by Mayura Iyer
Bobby Jindal as a political figure has always been a point of contention for me, and for many other South Asian Americans. People in our community have often expressed disappointment with Jindal.
Once the golden boy of Indian representation of politics, Jindal has consistently alienated immigrants and other South Asian Americans following his rise to become the first Indian-American governor in the U.S. in 2008—members of the community note how Jindal privately took money from Indian-American donors and organizations, but then publicly downplayed his ethnic identity. In his presidential announcement speech, Jindal said that he was done talking about ‘hyphenated-Americans’ (“We are not Indian-Americans, African-Americans, Irish-Americans…”), further alienating members of his own community, as well as other immigrants and minorities in the U.S.
[Read Related: Open Letter to Bobby Jindal: Why Do I Need To Be Just American And Not Indian-American?]
This is the second time Bobby Jindal quit a race.
— Hari Kondabolu (@harikondabolu) November 17, 2015
Upon the announcement of his candidacy, the hashtag #BobbyJindalSoWhite began trending on Twitter, and when Jindal announced that he would be dropping out of the Republican primary race, there were more comments about Jindal’s perceived whitewashing.
To be honest, I was hurt by Jindal’s constant alienation and erasure of the cultural heritage that we share. Aside from my general disagreement with his political positions, I, too, was disappointed and disillusioned with his downplaying of his ethnic background. The discrepancies between Jindal’s public declarations and the reality of his heritage made me wonder whether I should be ashamed for my heritage or should be ashamed for feeling like it does matter to me.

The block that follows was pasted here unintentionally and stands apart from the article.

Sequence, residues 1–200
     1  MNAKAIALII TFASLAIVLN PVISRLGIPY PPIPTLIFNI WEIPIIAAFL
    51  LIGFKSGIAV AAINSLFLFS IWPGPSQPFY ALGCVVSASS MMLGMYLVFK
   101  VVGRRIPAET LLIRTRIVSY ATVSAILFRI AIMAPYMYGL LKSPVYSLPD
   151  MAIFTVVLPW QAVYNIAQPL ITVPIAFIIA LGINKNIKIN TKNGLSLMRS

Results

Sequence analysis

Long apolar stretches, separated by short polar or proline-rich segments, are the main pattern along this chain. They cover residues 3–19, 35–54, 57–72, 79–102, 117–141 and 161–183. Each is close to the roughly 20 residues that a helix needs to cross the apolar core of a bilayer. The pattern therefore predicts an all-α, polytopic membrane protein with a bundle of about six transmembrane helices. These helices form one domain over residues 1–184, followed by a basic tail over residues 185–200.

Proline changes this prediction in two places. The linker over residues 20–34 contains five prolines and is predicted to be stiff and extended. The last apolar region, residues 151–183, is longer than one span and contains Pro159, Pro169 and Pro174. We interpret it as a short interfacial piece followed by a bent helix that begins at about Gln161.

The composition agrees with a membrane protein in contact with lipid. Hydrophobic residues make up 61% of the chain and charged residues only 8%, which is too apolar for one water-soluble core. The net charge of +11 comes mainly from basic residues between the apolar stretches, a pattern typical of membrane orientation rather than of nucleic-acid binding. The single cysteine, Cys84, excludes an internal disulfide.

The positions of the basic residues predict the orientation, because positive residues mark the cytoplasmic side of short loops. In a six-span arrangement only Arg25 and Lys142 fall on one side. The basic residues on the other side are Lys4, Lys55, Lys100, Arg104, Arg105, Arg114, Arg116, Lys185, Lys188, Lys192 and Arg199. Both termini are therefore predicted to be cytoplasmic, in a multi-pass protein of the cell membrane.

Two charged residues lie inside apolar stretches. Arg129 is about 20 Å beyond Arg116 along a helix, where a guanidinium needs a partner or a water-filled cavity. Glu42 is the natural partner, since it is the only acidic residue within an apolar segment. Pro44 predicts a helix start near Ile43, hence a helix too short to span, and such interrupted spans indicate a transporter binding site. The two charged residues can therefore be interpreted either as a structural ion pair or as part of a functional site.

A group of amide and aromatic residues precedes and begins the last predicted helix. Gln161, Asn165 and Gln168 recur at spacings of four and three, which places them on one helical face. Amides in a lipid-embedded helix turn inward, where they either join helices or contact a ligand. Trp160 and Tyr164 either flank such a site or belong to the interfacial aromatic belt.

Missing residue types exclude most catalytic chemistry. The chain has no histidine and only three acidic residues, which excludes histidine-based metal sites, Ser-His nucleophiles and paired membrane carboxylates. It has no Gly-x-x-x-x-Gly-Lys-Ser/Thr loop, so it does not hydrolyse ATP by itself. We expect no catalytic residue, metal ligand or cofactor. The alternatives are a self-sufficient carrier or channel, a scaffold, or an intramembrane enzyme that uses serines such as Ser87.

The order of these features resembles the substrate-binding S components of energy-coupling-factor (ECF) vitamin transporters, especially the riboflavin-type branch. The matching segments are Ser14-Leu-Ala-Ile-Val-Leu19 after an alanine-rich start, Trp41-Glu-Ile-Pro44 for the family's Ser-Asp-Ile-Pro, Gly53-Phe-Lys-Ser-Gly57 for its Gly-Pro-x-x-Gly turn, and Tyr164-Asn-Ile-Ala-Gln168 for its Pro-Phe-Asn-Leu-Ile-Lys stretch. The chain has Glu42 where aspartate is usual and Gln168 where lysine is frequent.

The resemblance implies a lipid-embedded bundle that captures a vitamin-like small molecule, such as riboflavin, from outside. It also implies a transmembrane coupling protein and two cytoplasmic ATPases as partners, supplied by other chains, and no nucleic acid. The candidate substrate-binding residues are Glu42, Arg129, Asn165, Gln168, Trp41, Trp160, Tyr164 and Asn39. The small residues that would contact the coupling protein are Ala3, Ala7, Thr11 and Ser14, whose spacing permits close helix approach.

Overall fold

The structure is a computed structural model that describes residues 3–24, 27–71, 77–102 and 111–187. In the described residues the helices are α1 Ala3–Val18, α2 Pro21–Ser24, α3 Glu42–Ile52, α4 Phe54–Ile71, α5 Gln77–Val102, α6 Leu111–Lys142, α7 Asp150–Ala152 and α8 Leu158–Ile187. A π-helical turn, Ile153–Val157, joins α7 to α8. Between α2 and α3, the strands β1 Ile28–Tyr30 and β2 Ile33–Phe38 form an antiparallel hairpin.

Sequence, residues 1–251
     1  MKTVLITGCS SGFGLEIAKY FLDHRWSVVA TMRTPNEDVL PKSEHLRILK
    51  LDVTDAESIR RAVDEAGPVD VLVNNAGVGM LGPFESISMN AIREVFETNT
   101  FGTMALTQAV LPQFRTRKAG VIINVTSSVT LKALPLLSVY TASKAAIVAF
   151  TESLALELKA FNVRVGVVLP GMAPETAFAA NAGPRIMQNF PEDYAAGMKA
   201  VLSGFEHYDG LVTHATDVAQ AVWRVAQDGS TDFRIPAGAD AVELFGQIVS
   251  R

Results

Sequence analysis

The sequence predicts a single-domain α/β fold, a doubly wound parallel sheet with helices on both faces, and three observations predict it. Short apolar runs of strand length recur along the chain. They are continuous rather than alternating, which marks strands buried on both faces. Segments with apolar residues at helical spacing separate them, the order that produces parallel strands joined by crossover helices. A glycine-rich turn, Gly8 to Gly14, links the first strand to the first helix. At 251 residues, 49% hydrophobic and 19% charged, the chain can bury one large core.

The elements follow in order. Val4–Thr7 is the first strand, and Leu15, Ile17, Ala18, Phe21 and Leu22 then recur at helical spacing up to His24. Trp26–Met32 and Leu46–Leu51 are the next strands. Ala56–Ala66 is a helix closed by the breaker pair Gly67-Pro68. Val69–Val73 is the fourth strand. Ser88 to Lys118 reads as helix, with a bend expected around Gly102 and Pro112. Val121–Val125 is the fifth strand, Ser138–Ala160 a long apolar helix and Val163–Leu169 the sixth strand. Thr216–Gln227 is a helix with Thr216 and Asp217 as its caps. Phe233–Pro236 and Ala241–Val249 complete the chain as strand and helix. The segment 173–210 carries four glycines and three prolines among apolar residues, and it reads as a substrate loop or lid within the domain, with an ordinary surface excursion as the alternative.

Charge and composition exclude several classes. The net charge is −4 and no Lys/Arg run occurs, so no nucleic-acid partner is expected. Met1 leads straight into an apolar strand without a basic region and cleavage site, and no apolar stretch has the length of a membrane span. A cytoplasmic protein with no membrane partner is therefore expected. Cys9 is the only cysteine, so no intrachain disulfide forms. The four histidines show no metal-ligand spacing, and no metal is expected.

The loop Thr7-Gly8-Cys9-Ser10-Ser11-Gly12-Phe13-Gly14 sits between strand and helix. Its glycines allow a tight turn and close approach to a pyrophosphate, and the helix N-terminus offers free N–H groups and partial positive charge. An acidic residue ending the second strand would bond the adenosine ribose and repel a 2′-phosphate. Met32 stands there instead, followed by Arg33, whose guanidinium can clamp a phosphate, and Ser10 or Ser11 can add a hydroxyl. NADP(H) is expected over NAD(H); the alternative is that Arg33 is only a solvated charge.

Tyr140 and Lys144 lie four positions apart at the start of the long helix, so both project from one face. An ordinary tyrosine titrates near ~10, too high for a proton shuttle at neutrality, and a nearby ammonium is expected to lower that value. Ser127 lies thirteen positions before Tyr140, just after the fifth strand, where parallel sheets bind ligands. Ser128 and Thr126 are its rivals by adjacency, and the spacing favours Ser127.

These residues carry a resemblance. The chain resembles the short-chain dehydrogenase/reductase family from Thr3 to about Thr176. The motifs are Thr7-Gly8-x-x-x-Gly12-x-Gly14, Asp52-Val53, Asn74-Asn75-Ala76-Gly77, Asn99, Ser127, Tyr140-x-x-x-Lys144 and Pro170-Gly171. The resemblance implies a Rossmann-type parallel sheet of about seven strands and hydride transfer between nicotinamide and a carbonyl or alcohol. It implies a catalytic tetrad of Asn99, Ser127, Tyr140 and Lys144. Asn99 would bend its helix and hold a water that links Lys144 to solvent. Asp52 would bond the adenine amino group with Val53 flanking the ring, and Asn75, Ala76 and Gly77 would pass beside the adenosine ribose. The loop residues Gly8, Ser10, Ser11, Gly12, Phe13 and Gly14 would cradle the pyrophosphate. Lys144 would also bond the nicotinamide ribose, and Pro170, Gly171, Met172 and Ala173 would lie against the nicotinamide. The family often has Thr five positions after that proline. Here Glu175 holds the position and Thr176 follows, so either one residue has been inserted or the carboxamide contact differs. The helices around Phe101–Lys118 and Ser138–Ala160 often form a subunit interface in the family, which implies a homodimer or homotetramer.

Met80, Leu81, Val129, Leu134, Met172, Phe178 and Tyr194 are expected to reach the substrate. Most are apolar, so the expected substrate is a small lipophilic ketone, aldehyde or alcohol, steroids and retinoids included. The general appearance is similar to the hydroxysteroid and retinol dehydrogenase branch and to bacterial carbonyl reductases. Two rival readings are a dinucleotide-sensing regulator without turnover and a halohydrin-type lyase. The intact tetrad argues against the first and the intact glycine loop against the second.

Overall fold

However, is Jindal really to blame? Is #BobbyJindalSoWhite because Jindal truly wants to ignore his heritage, because Bobby Jindal truly wants to be white?
[Read Related: #BobbyJindalisSoWhite That He Is #Jindian]
Yes, Jindal has consistently ignored the issues facing immigrants and minorities in the U.S., particularly of those that share his same cultural background. However, many politicians have committed the same “whitewashing” and erasure of their racial and ethnic backgrounds as Jindal. Nikki Haley, the governor of South Carolina, has been accused of the same erasure of her South Asian heritage. Ben Carson, the Republican primary frontrunner in some polls, has also alienated black voters and has been accused of ignoring his racial background by denying the legitimacy of the #BlackLivesMatter movement. Even President Obama has notably been silent on many issues regarding race, particularly regarding police brutality.
The U.S. political system is disproportionately white and male but has slowly increased representation of women and minorities. However, in order to break into the political system or to rise within the system, candidates of color often have to downplay their racial background and minority status, or risk being pigeonholed or seen as a “fringe” or “special interest” candidate. To avoid this, candidates of color often neglect issues that affect their racial, cultural, or ethnic communities—something that Jindal, Haley, Carson, and Obama all exemplify in their own way.